Wrangell’s borough assembly has unanimously passed a $52.7 million budget for the coming year. That’s more than double the borough’s budget last year.
The massive increase in projected spending in FY24 is primarily due to a few significant infrastructure projects in town, in addition to the rising cost of goods and services everywhere because of inflation.
And it’s not all funded by the City and Borough of Wrangell – over 43% ($22.7 million) of the budget is funded by outside grants and loans. Wrangell also receives outside revenue from the federal and state governments, like money paid because of the large amount of national forest in the borough or from a jail contract with the state.
Borough manager Jeff Good thanked Wrangell’s finance department and other department heads for their work on the budget.
“I think it’s a good budget from an operating perspective,” Good told assembly members at a meeting June 27. “ I think we’re well below what inflation is for what our increases are on the operating side. So just a good job of everyone kind of trying to stick to and keep our budget relatively low.”
Assembly member Dave Powell supported a smaller budget and offered several line-item eliminations and reductions. But he applauded the long list of infrastructure projects set to happen in the coming year, saying he supports the forward movement.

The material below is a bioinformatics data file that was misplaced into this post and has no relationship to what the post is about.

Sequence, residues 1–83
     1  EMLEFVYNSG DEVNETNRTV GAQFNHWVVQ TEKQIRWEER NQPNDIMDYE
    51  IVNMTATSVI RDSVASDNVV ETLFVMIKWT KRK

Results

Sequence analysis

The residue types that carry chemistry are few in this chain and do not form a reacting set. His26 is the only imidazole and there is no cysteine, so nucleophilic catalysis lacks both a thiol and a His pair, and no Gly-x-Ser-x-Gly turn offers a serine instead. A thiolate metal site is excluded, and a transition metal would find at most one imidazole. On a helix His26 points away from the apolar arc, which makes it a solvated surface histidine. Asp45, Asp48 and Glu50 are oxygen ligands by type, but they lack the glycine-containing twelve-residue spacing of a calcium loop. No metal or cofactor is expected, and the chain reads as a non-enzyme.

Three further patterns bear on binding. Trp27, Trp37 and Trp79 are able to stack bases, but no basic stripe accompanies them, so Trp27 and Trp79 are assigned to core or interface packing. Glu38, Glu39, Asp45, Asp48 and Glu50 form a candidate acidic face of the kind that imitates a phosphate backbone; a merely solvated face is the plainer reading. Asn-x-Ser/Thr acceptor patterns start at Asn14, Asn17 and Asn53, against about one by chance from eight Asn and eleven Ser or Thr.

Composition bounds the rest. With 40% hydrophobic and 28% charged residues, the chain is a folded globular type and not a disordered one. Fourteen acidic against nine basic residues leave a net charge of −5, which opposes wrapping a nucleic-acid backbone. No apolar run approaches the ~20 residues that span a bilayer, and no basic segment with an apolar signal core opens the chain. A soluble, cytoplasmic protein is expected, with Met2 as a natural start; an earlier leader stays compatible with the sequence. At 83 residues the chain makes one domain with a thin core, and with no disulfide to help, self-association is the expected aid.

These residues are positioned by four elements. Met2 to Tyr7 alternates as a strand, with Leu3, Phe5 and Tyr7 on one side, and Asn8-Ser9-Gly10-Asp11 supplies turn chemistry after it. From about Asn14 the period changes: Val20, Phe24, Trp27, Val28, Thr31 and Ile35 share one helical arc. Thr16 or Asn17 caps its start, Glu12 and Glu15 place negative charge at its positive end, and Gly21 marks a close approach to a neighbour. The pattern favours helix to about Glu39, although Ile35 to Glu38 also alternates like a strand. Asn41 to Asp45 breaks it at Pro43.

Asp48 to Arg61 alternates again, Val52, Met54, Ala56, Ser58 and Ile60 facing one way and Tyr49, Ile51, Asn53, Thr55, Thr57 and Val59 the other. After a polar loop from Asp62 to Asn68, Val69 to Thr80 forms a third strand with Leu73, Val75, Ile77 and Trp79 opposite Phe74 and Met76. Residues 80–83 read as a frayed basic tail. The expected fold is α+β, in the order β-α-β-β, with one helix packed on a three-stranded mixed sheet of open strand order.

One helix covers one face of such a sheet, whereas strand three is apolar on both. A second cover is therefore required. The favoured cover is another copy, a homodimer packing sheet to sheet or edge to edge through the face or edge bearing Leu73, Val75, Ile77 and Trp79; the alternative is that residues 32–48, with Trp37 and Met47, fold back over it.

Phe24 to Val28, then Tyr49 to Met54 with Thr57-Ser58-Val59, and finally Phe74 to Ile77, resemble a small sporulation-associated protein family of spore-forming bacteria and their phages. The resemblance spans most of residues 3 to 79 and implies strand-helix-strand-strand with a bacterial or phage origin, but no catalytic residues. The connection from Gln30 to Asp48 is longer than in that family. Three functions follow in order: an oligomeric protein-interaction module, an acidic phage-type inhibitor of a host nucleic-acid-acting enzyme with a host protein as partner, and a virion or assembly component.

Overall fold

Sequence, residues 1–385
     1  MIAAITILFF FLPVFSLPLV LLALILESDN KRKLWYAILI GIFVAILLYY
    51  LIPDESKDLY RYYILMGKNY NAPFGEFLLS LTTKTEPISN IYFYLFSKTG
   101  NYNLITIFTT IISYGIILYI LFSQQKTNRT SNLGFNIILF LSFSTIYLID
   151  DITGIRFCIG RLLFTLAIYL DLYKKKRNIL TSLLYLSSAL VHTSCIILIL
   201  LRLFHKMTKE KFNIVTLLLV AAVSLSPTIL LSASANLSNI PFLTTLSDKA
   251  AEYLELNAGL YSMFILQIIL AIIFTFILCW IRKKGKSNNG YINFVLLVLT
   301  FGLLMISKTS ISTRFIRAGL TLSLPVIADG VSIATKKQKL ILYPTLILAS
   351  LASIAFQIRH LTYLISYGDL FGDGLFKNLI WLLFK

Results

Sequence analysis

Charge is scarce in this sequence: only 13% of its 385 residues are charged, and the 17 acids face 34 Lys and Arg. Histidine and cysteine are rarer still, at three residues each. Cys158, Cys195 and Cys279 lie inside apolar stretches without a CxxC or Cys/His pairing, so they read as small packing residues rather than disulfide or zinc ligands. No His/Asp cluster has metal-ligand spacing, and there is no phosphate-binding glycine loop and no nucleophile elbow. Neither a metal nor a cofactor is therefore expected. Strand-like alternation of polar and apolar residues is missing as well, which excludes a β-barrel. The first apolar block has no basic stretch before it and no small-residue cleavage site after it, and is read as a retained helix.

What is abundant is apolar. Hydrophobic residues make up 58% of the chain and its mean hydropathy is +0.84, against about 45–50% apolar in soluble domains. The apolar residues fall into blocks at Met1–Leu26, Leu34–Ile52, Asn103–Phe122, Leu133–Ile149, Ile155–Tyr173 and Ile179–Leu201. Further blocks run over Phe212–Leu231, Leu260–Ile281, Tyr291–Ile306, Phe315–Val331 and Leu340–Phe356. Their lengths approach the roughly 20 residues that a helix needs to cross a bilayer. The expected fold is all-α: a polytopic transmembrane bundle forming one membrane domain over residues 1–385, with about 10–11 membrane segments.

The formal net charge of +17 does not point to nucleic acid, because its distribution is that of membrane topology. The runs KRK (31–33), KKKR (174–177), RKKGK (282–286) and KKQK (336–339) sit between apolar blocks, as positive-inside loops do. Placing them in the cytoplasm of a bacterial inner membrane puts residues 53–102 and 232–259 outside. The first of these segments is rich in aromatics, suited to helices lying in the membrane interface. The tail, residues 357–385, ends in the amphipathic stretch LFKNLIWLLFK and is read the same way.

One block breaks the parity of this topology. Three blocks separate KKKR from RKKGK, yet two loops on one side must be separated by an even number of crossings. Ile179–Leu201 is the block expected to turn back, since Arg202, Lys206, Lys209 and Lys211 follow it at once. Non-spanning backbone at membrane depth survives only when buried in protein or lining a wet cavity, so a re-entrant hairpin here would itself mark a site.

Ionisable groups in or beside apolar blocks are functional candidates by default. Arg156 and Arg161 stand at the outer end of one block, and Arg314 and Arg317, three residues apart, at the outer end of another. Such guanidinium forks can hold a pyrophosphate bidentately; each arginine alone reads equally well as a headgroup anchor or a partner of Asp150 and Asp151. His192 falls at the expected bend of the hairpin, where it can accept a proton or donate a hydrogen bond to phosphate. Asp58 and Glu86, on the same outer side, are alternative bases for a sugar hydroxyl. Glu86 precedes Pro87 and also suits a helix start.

“We’ve got a lot of projects in our budget, and I’m gonna say this is the time for our projects to shine,” Powell said. “I hope that we get a lot of these things done this year. And I want to really push hard on getting these things completed in this construction year.”
The assembly supported two of Powell’s proposed reductions: eliminating funding for a local children’s social worker and cutting the budget for police overtime in half.
By far the largest project on the borough’s budget this year is the replacement of the community’s water treatment plant. It’s increased the Water Department’s budget by almost $19 million compared to last year.
Other major projects include the potential addition of a disinfection step at the wastewater treatment plant – which could cost upwards of $12 million – and major repairs to the community’s Public Safety Building.
The borough projects it’ll take in a bit more money than last year, through a slight increase in sales tax revenue and around $300,000 more in property tax payments. The borough dropped the property tax rate earlier this year, after assessed property values increased by nearly half.
Utility funds like sanitation, water and sewer will also take in a bit more money this year, as utility rates increase across the board in the new fiscal year.
KSTK will publish the final budget here once it is released. In the meantime, find the draft budget here.
Get in touch with KSTK at email@example.com or (907) 874-2345.